2. Scott Walker = Job Killer (and he hasn’t even been in office for one day yet)!

  3. Dr. Scott and MicahR2001, time to grow up. It’s about time that states stop our narcissistic, childlike need to have our politicians steal Federal money from other’s in the country under the guise of bringng home the bacon to Wisconsin. When all the other 49 states do the same thing, we have Federal structual defecits. Scott Walker could be the father figure for you that never spanked you. Grow up children. It’s not too late to pay attention to WISN AM 1130. We want to push back the frontiers of ignorance.
    You haven’t the clue on what creates jobs and prevents jobs from leaving our state.

  4. Well I don’t even know what to say, Scott Walker is killing Wisconsin. We are already behind in everything else. I currently live in beautiful Ozaukee County and am planning on moving to lake county in the next year along with a lot of my neighbors. We can’t take this anymore we need a state that is productive.

  5. Jim Doyle and WisDOT backed down on rail the minute Walker was elected. We had two months to get the projects rolling before Walker was to be ordained – er, inaugurated.

  6. Hey Chuck, how many people to you employ? What is your business experience? Idiots like Walker and Sykes have never been in the real world and don’t understand the basic concept that not spending ANY money leads to not MAKING any money. Clowns.

  7. All forms of infrastructure require public investment whether it’s highways, bridges or sewers, etc. Highway construction is rarely self-funded entirely through gas-taxes as bonds (= borrow $$) are often issued to help pay for road projects.Turning the federal $$ away to be spent in another state does nothing to help the federal deficit (if someone can explain how it does, please explain in detail). Infrastructure investment helps spur other private development that benefits from those resources.

  8. Chuck? Did you seriously suggest listening to AM radio? Do you know what Wisconsin ranks near the bottom of the list of states that get money back from our tax dollars spent? We are the ones subsidizing Alaska and Texas. Total comedy in my opinion that people think we’re asking for “handouts”. More importantly, this train wouldn’t be a handout it would be an INVESTMENT that PAYS dividends…. good lord.

  9. 1.) Dr Scott, when would this train “Pay” dividends? The answer is never.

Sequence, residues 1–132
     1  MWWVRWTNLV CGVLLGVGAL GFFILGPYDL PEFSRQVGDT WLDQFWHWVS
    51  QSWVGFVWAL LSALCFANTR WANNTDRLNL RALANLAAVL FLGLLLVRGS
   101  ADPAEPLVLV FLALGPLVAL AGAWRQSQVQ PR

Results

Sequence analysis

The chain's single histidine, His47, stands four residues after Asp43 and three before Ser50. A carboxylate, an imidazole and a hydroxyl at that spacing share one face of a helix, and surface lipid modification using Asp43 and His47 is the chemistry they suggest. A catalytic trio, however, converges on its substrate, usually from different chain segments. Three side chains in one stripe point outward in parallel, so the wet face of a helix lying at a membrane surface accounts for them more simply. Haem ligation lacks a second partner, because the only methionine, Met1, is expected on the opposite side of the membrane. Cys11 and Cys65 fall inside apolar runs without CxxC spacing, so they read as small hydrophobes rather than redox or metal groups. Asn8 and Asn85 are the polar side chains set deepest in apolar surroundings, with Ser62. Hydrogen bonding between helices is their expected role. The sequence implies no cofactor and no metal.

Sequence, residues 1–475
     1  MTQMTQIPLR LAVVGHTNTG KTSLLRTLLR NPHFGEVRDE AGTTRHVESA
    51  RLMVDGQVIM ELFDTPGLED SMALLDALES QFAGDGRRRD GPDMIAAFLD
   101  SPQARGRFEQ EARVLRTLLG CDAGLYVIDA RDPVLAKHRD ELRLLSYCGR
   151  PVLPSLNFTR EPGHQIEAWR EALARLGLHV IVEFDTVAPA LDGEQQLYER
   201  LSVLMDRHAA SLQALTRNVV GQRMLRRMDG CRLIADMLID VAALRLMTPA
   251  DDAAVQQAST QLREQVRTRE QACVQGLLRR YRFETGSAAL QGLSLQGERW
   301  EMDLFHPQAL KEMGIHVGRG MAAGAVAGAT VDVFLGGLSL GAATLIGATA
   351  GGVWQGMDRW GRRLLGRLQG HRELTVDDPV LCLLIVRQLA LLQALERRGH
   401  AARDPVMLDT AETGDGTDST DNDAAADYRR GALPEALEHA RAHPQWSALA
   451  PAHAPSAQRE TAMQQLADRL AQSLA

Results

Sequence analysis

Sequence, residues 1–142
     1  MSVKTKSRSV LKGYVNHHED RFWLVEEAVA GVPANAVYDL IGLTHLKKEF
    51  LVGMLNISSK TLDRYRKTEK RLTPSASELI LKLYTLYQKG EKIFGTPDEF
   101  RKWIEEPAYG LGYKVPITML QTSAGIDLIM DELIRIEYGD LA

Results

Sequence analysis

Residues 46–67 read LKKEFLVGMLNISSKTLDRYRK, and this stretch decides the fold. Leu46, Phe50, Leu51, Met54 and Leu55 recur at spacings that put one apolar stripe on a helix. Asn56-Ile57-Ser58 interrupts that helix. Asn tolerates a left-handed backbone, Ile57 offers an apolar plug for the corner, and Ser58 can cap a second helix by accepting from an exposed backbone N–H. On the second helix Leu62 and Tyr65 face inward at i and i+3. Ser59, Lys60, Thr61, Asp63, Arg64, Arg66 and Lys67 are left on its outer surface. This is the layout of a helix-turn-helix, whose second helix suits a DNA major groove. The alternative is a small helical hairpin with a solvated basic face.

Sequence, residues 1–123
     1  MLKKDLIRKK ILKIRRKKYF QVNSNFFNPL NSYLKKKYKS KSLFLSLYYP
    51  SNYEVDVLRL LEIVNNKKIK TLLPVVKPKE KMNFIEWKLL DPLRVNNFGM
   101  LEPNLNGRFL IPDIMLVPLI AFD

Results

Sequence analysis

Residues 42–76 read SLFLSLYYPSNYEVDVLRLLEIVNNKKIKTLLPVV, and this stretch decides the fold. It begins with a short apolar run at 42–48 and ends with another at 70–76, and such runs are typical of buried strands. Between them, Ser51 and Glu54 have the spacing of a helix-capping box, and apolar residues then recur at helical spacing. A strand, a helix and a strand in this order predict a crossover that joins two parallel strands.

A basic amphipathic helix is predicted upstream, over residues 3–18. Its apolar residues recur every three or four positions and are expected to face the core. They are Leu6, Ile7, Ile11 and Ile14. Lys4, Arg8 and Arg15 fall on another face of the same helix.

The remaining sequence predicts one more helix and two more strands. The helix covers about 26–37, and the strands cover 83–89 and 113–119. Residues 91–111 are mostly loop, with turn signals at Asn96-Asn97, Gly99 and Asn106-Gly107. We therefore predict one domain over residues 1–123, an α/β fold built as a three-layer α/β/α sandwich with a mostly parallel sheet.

2.) ACivilEng, let me ask you this: Where is the first place you install a catch basin? At the low point, correct, as that is the place that needs it most. Wisconsin is hardly the place that needs funds for a high speed train the most. Since the Democrats seem hell bent on spending all the pork money, let them at least do it where the need is the greatest. Major population centers need mass transit more than we do and it might actually get used.
    3.) Ms Jeffries, Jim Doyle flip flopped on his approach to HSR as it became apparent that Scott Walker would be elected by the people of Wisconsin. His first reaction was to pull the infamous weekend agreement signing. Remember that??? It was several days after the election, and the reports that Gov. Elect Scott Walker had talked with Gov. Chris Christie on how to stop such projects, that Doyle finally saw that he was fighting a loosing battle. Given that Doyle was seen as shady for the weekend agreement signing and knowing he could do nothing to keep the train alive, it made it easy for him to “defer” to Mr. Walker. Frankly it did not matter if he did or not. Doyle thought he would save whatever political clout he had left to “rush” to complete the state union agreements before his end of reign. Quid pro quo.

  10. Irwin Fletcher – I agree on the point of the catch basins. However, it sounds like you don’t believe that Chicago-Milwaukee-Madison and the Twin Cities are major population centers within the Midwest. “Need” in my opinion is often subjective, but it’s very interesting that the “need” for the high speed rail was analyzed a long time ago and was part of a long-range vision for the Midwest/Nation created almost 20 years ago and was bought into by every administration since then (Republican and Democrat) and interestingly enough our Gov-elect when he was a member of the legislature. While I don’t believe that it is a holy grail for job creation, all one has to do is follow where development occurs, and that is often times very close to major transportation corridors. There’s no question that new businesses would have recognized the potential benefit of being located in the middle of major population centers with easy transportation of their sales and technical staff to all…….